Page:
Green Electrical Tips
How green is your home? The cost of electricity continues to rise, as does its negative impact on the environment. About 44% of the energy produced in America is generated by coal*, which is unsustainable and a huge source of greenhouse gas emissions. We’ve compiled a list of smart ways to save on your monthly utility bills and reduce your carbon footprint:
- Energy Audit – An energy audit can help determine where your home is losing energy. It can also help correct those problem areas and make your home more energy-efficient. An informal DIY audit can help you identify some areas that need focus – and prepare for a more thorough assessment by a professional. An auditor will perform a room-by-room examination of your home as well as review previous energy bills. Some tests include a thermographic scan, a blower door test, and the PFT air infiltration measurement. A proper energy audit can save the average homeowner 5 to 30 percent on their energy bill. Learn more by checking out this Energy Audit Infographic.
- Green Lighting – One of the easiest ways to improve your home’s energy use is to replace all of your incandescent light bulbs with more efficient compact fluorescent bulbs (CFLS) or light-emitting diodes (LEDS). Both use less wattage (per unit of light) and have average life spans that are much longer than incandescent bulbs. Where the average life of an incandescent is about 1,200 hours, a CFL lasts an average of 8,000 hours while an LED can last as long as 50,000. CFLs, however, contain anywhere from 1 – 5mg’s of mercury, which is toxic to the environment – and they may not work in extreme temperatures. LEDs, on the other hand, have little drawbacks other than the price, which will ultimately pay for itself in usage. Read more on Green Lighting.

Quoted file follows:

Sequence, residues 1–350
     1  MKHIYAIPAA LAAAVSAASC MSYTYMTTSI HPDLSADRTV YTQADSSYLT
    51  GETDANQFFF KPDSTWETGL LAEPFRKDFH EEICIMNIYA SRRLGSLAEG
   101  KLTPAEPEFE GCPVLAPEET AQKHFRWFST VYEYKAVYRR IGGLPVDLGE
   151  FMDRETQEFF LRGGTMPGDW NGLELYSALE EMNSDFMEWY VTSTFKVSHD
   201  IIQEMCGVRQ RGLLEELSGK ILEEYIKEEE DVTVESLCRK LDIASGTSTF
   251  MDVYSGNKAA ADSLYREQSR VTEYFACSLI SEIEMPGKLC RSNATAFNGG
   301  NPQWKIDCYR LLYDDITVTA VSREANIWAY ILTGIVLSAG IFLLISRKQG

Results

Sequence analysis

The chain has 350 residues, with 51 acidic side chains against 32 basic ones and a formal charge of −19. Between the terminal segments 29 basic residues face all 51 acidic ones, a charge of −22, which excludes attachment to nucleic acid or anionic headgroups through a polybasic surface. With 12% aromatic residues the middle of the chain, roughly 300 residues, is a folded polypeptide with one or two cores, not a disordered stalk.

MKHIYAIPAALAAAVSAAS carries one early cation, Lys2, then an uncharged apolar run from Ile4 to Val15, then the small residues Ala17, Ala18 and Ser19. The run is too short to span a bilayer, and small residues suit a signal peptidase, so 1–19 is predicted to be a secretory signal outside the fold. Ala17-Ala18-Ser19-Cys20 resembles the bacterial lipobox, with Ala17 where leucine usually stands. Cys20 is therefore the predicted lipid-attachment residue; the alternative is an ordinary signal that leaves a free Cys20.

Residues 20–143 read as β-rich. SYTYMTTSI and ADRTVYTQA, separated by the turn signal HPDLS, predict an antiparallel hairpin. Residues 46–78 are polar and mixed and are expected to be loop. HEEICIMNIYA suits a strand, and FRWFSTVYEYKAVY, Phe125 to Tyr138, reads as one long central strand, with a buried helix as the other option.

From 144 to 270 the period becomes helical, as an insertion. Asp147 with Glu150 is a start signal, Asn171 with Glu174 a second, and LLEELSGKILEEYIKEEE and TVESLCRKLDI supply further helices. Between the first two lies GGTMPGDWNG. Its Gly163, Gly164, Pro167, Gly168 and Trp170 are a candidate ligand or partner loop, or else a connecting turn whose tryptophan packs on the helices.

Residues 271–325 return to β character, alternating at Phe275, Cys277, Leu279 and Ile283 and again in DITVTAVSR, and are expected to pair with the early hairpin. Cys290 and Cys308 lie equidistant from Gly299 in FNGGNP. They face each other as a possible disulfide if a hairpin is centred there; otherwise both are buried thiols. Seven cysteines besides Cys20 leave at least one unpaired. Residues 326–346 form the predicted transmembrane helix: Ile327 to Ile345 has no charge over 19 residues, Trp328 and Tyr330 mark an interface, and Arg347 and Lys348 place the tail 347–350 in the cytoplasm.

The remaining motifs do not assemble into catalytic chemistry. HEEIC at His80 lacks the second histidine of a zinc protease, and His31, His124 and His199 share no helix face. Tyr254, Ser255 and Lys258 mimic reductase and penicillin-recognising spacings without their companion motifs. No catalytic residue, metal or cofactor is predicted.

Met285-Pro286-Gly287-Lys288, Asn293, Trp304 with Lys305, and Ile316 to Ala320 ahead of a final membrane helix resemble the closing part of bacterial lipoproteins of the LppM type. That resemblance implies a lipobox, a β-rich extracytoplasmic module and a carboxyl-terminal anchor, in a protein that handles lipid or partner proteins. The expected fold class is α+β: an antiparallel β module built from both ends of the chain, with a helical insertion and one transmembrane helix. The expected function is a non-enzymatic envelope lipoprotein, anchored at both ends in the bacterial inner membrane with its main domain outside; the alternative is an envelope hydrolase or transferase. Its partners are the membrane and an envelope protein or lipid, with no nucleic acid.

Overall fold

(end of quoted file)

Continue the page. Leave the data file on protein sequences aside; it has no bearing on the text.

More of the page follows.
- Unplugging – Electronics that stay plugged in even when not in use should be assessed as some might still be using electricity (this is referred to as “phantom load” among other things). Computers that “sleep” overnight are still pulling electricity. They need to be unplugged when not in use. Gadget power cords should also not be left plugged in once the battery has been charged. A good way to cut down on this waste is to start using a “smart” power strip that cuts off the power when your devices aren’t in use.
- Buy Green – Essential home appliances like your washer/dryer, refrigerator, and dishwasher all consume a lot of energy. When you begin shopping for new appliances, do some research and look for the most energy-efficient. Most new appliances come with a yellow EnergyGuide label attached, which outlines the amount of energy that it uses. This makes it easy to comparison shop similar models and make smarter choices. Energy Star is also a good resource when you are looking into buying a new appliance. Energy Star products have been certified to save energy and protect the environment. Look for an Energy Star label or visit their website for information on what to look for when shopping for a specific product.
- Choose Green Power – Look into an electric company that offers “green electricity,” which means that it is produced from sources that do not negatively impact the environment. The cleanest energy sources are those that are referred to as “renewable” because they will never run out. Wind power, solar power, hydropower and geothermal are just a few of the resources available. There are several reputable companies on the market that offer green electricity plans for both business and residential. A quick internet search will yield several sites with renewable energy programs.